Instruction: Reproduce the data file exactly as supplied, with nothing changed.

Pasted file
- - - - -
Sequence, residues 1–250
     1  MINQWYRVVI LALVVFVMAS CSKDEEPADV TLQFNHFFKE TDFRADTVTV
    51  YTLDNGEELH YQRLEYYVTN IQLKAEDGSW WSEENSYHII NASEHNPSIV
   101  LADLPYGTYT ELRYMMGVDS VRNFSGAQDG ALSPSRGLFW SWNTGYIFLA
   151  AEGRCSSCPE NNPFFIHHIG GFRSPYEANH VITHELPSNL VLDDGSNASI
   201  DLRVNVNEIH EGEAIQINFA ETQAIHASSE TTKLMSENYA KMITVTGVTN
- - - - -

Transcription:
Sequence, residues 1–250
     1  MINQWYRVVI LALVVFVMAS CSKDEEPADV TLQFNHFFKE TDFRADTVTV
    51  YTLDNGEELH YQRLEYYVTN IQLKAEDGSW WSEENSYHII NASEHNPSIV
   101  LADLPYGTYT ELRYMMGVDS VRNFSGAQDG ALSPSRGLFW SWNTGYIFLA
   151  AEGRCSSCPE NNPFFIHHIG GFRSPYEANH VITHELPSNL VLDDGSNASI
   201  DLRVNVNEIH EGEAIQINFA ETQAIHASSE TTKLMSENYA KMITVTGVTN